The British & Irish Lions Tour

Another four years have passed, and the world famous British & Irish Lions will be preparing to tour South Africa this year – hoping to build on the 2013 and 2017 tours of Australia and New Zealand, which culminated in a winning and tied series respectively.

Today marked the announcement of Gatland’s squad, as well as confirming altitude training fan Alun-Wyn Jones as the captain who will lead the Lions into battle.

But what difficulties does a series in South Africa pose, that Australia and New Zealand do not? Aside from the current COVID regulations, a Lions tour to South Africa involves the challenge of playing and training at altitude. But why might that affect the players?

High altitude, low oxygen

When you perform at altitude, the air is thinner and less oxygen rich – meaning that it will be more difficult for the players to recover between hits, breakdowns, and lung busting breaks – but it also means that the ball will fly differently, so the kicking game could be crucial.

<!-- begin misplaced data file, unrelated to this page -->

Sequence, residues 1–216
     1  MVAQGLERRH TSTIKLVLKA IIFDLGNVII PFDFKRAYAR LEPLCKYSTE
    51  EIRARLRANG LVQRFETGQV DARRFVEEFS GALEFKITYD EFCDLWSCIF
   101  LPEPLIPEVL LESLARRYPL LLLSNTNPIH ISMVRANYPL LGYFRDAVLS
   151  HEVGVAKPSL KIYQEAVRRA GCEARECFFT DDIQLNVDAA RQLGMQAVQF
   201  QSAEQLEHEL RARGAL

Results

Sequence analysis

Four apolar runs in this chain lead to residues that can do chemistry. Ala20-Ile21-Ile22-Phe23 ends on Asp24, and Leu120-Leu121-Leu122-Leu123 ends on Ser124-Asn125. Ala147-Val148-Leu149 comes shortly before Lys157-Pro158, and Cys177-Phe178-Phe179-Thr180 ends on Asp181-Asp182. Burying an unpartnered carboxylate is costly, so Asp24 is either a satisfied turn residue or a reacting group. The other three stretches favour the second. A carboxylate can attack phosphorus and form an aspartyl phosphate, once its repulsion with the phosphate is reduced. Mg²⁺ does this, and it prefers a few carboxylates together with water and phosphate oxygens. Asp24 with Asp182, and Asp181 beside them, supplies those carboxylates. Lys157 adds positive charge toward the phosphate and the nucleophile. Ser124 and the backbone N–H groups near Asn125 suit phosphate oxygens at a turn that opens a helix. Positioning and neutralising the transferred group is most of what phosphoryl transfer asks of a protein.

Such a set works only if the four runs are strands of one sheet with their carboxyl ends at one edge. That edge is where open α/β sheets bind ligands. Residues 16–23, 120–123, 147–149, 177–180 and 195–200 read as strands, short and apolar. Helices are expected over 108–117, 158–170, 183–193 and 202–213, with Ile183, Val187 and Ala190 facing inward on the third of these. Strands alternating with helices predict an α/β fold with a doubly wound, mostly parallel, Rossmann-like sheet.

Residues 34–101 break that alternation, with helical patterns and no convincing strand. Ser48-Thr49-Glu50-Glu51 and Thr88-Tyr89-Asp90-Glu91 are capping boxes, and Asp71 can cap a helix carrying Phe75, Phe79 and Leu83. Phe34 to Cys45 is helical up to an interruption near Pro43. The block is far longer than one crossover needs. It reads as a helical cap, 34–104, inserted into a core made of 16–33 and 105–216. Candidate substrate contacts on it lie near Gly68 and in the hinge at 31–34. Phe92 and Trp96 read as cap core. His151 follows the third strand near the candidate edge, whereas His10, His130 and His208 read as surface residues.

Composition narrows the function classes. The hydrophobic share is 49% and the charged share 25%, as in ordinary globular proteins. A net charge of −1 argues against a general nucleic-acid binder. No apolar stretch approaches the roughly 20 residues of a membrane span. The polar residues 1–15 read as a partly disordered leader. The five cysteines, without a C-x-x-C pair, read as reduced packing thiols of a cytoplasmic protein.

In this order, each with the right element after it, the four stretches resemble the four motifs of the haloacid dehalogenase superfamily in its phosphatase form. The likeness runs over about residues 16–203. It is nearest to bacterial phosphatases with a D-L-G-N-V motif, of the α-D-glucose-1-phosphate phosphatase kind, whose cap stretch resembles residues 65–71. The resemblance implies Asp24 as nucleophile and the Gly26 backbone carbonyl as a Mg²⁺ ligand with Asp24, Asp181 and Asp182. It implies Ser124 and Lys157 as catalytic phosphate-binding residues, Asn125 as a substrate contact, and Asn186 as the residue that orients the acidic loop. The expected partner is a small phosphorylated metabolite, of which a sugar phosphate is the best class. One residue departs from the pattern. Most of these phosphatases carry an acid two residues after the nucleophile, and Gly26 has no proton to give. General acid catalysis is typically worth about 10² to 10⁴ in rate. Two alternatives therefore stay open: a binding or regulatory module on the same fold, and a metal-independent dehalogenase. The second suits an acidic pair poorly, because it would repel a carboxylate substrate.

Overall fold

Preparing for altitude

This is something that we are particularly well versed in, and you can be sure that Gatland’s team will be taking into account as well. Wales’ & The Lions Head of Performance, Paul ‘Bobby’ Stridgeon, has already confirmed that the players will be going through the same altitude training that the Welsh squad did in preparation for the Six Nations while talking to ‘The Good, The Bad & The Rugby’ podcast. Ahead of the tour they will be looking for both the performance, and acclimatisation benefits that altitude training can bring.

Dan Lydiate recovering during his repeated sprints session at 4000m.


We suggest you keep your eyes peeled for exactly what that looks like when the players meet up in June!


If you have any questions about how altitude training can help you acclimatise, or improve your performance, be sure to get in touch with your goals and a member of the team will be happy to help.